The US Mint doesn't promote fresh breath, but it does make a pretty penny. Its primary mission is to produce an adequate volume of circulating coinage for the nation to conduct its trade and commerce. The Mint distributes coins and paper money to the Federal Reserve banks and branches, maintains custody of the nation's gold and silver assets (worth more than $100 billion), and redeems and processes mutilated coins. It generates its annual revenue by selling proof and uncirculated coins; commemorative medals; and platinum, gold, and silver bullion coins to the public. Despite its standing as a government institution, the US Mint does turn a profit, which it transfers to the US Treasury.
The Mint operates six facilities across the US, located in Washington, DC; Philadelphia; West Point, New York; Fort Knox, Kentucky; Denver; and San Francisco. Its manufacturing facilities in Philadelphia and Denver produce coins of all denominations for circulation. Both facilities also produce dies for striking coins.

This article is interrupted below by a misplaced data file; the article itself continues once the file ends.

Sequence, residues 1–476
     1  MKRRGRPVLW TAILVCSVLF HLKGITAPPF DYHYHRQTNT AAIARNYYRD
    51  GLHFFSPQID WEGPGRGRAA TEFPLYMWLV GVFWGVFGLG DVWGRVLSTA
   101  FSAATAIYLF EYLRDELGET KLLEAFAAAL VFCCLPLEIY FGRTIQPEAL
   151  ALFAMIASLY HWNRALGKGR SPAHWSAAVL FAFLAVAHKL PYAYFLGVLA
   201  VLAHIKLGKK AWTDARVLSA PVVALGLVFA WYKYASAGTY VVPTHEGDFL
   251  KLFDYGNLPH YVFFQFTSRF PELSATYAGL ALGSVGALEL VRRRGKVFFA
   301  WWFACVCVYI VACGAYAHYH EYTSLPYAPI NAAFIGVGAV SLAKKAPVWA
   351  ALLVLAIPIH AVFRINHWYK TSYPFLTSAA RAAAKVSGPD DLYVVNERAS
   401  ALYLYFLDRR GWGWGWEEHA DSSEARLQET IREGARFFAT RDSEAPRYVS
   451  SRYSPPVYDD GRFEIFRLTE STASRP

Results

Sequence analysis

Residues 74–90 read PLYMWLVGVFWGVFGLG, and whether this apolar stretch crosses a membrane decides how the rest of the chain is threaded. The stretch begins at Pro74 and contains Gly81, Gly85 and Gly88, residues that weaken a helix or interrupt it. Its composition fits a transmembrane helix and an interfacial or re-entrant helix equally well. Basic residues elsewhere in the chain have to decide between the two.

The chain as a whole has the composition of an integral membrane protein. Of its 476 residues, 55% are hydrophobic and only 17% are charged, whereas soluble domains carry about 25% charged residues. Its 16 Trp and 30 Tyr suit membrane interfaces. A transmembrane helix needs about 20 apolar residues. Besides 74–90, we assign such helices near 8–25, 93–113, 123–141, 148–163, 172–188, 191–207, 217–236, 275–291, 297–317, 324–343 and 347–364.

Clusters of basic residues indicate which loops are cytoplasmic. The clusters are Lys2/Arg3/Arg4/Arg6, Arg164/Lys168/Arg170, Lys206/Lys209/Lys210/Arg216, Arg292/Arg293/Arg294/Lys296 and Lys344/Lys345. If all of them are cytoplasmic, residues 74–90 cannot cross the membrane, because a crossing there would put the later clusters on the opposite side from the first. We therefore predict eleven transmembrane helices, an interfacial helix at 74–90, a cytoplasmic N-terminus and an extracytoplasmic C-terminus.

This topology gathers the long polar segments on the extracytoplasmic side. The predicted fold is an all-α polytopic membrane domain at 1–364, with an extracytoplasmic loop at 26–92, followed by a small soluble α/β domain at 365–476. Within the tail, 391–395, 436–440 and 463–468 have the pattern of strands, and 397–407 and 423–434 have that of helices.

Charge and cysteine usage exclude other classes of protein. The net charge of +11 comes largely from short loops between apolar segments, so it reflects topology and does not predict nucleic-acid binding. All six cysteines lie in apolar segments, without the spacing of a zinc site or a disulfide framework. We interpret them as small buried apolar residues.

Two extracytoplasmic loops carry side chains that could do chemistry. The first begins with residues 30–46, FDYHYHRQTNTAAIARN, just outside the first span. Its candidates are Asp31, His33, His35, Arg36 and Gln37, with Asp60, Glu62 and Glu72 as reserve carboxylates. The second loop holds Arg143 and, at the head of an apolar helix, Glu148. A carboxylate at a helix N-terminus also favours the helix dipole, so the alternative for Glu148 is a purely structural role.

The Mint's revenues jumped 19% from 2014 to 2015 mostly due to an increase in circulating coinage and bullion coins.
The company increased its production of coins in 2015 to 16.1 billion. This was fueled by an increase in demand, which allowed the company to add additional employee shifts to its Philadelphia and Denver Mints and hire additional personnel.